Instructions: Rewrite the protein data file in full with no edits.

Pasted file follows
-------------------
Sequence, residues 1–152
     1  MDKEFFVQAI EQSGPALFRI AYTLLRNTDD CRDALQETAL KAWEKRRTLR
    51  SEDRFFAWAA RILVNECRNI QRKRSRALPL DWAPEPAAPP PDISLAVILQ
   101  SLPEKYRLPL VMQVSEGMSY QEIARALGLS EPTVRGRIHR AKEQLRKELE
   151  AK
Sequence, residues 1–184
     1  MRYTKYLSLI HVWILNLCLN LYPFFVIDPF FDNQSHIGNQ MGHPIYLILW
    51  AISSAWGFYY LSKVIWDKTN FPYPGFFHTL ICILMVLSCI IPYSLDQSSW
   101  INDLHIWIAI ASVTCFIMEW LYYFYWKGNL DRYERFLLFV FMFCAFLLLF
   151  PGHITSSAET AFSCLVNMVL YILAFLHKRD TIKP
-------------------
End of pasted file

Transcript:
Sequence, residues 1–152
     1  MDKEFFVQAI EQSGPALFRI AYTLLRNTDD CRDALQETAL KAWEKRRTLR
    51  SEDRFFAWAA RILVNECRNI QRKRSRALPL DWAPEPAAPP PDISLAVILQ
   101  SLPEKYRLPL VMQVSEGMSY QEIARALGLS EPTVRGRIHR AKEQLRKELE
   151  AK
Sequence, residues 1–184
     1  MRYTKYLSLI HVWILNLCLN LYPFFVIDPF FDNQSHIGNQ MGHPIYLILW
    51  AISSAWGFYY LSKVIWDKTN FPYPGFFHTL ICILMVLSCI IPYSLDQSSW
   101  INDLHIWIAI ASVTCFIMEW LYYFYWKGNL DRYERFLLFV FMFCAFLLLF
   151  PGHITSSAET AFSCLVNMVL YILAFLHKRD TIKP